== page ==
Marvel leads the more theologically adventuresome of the two Whatcom megachurches, as Bushnell’s preachment shows. Leading up to Christmas a few years back, Marvel preached a four-part series of sermons on the Virgin Mary. He tried to take what the Catholic Church had to say about her seriously without endorsing it in every detail, and called up a priest he knew for pointers.
In one service, Marvel walked the congregation through the Hail Mary. He pointed out that most of it is actually a pastiche of Bible verses and thus mostly unobjectionable even from a “me, God, and the Bible” perspective. Before he spoke, a female vocalist sang “Ave Maria.” Marvel called it a beautiful song and wondered why some people would be offended by an ode to Jesus Christ’s mom that derives from Scripture.
Though a few people filed out in protest, most stuck around and pondered what Pastor Bob had to say.
Marvel’s hail mary sermonizing put a curious notion in my head that I couldn’t ever shake. To finally test it out this January, I drove a few blocks south of my home in Lynden to the offices of North County Christ the King, which has taken over most of a strip mall. In his office, I asked veteran youth pastor Sean Taylor a superficially absurd question: “Do you consider yourself a Protestant?”
That’s right, I asked a Protestant minister whether he considered himself Protestant.
Here’s why: according to religious identification surveys, America is a much less Protestant place than it used to be. The issue isn’t church attendance, which has undergone only a slight decline since the middle of the twentieth century, but religious self-identification. One of the big reasons for the drop-off in Protestants is that a number of people who are objectively Protestant have ceased to call themselves that. They stubbornly self-identify only as Christians.
Many churches took to calling themselves “nondenominational” in the hope of reaching a larger potential group of people. This used to prompt the learned joke, “What kind of nondenominational church are you?” But it seemed to me that the religious landscape has shifted enough in America that many churchgoers may not even know they’re Protestants anymore. And: The rise of growth-focused megachurches may be fueling this trend.
As Taylor started to answer, I felt a lot less stupid. “Yeah, sure,” he considers himself a Protestant, he said, but that was probably his “Presbyterian roots” showing. He thought he saw a move in favor of “Protestantism” in a subset of youths today, but by that he meant a surprising interest in liturgy and tradition. Christ the King has its roots in the Assemblies of God movement but is now thoroughly non-denominational, he said.
“OK, but what kind of non-denominational?” I couldn’t resist. Taylor said the Christ the King churches may be “very different in their brand.” He thought in Dutch Reformed-heavy Lynden “we lean more Reformed,” though North County Christ the King embraces a contemporary worship style that doesn’t bother with liturgy.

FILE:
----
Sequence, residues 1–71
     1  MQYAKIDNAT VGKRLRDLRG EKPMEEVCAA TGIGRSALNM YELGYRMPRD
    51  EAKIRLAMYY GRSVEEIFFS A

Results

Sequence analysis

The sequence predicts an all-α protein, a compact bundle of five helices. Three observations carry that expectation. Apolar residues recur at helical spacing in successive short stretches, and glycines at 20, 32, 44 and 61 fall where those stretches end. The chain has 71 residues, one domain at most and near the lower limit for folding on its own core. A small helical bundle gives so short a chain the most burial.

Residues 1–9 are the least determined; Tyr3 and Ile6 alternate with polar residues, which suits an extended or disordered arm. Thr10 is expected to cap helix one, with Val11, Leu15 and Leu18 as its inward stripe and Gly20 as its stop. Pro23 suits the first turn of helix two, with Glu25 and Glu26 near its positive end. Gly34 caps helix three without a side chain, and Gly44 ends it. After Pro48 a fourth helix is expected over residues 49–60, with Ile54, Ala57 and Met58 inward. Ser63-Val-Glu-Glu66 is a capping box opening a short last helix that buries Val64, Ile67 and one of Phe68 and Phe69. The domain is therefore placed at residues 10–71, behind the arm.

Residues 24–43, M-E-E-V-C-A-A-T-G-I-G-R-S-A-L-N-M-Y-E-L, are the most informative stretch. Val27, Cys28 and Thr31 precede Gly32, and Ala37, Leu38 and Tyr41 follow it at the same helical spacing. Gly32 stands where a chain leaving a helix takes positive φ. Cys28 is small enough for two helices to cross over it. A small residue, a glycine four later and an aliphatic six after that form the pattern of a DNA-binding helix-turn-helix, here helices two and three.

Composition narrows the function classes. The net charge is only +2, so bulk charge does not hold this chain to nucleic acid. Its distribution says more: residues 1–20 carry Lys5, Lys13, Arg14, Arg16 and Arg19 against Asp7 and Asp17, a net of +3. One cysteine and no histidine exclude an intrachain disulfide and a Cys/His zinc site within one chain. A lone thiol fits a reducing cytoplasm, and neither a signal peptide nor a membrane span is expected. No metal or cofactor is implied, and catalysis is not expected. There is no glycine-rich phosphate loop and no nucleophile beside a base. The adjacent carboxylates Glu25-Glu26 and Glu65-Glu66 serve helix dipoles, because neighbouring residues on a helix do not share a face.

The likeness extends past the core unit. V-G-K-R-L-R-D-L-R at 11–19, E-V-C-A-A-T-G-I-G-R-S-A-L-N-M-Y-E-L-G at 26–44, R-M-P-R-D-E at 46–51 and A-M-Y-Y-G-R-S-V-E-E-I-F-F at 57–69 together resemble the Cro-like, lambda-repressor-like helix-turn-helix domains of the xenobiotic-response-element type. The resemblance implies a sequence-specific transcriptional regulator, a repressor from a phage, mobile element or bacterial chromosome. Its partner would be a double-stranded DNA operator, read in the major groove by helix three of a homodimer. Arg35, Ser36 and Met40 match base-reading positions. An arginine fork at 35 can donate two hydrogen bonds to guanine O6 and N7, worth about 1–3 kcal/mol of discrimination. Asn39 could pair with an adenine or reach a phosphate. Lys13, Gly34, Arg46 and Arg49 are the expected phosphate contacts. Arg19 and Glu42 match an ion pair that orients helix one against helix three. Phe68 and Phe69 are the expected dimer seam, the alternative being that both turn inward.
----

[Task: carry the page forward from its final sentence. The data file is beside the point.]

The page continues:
Even if this sort of brand-focused pandenominationalism were unique to Christ the King, it would still make a splash in American religious life in next few years. The first Christ the King was established in Bellingham in the late 1980s. From it came three more churches at the turn of the century, all close by.
Those Christ the King churches, in turn, have planted other churches, in the U.S. and around the world. Of the tithe collected every week in the offering plates at Taylor’s church, the first 10 percent is passed on to these new branches. According to the ctkchurch.com website, Christ the King now has “campuses” in twenty-one cities in Washington state; churches in Colorado, Florida, Oregon, and Idaho; and international plants in Canada, Haiti, India, Kenya, Pakistan, the Philippines, and South Africa.
Taylor pegged the total number of Christ the Kings worldwide at about 400, with hundreds more to come.
To some, this is a huge problem. It’s easy to tie megachurchers up in pretzels by asking about the size of their churches. Their anxieties echo Americans’ historic distrust of big anything: Big Government, Big Business, the Vatican. So it was refreshing to hear Taylor issue a full-throated defense of Big Religion.
To critics of church growth who complain that it’s all a “numbers game,” the spiritual equivalent of a Ponzi scheme, Taylor retorted, “Yeah, we are about the numbers, because we are about reaching lost people.” Numbers can tell you a lot about how that’s working out, he argued. In fact, “There’s a whole book in the Bible about Numbers.”
People who don’t see the benefits of big growth- oriented churches, Taylor said, are not looking closely enough. Megachurches aren’t undifferentiated blobs of people. They’re large communities made up of “small groups caring for one another.” People who try out megachurches but can’t seem to find a place for themselves usually never come around to joining one of these small groups.
Further, the economies of scale that come with a great number of members are a Godsend for Taylor. The size of his congregation makes it easier to for him run programs competently. He has a decent budget, which, among other things, means that he earns a reasonable salary. (He needs it: he has four young children, aged nine, seven, five, and three.) He also has more potential volunteers at his disposal, which has made it possible for him to carve out niche ministries that address the needs of the few.
Taylor recalled overhearing the grumbling when North County Christ the King was just getting established. Lynden was already a heavily churched town, with fourteen Reformed congregations and maybe as many other churches of different denominations. Why was there a need for one more?
He insisted that most of the church’s early growth was fueled not by poaching from other congregations but by conversions. “There’s still people in the woodwork,” he said, “that don’t know Jesus.” Even very churchy towns have their share of “lost, hurting, and ruined people” of the type that Christ the King has had some success in reaching. Sometimes megachurches rush in where Presbyterians fear to tread, and pull it off.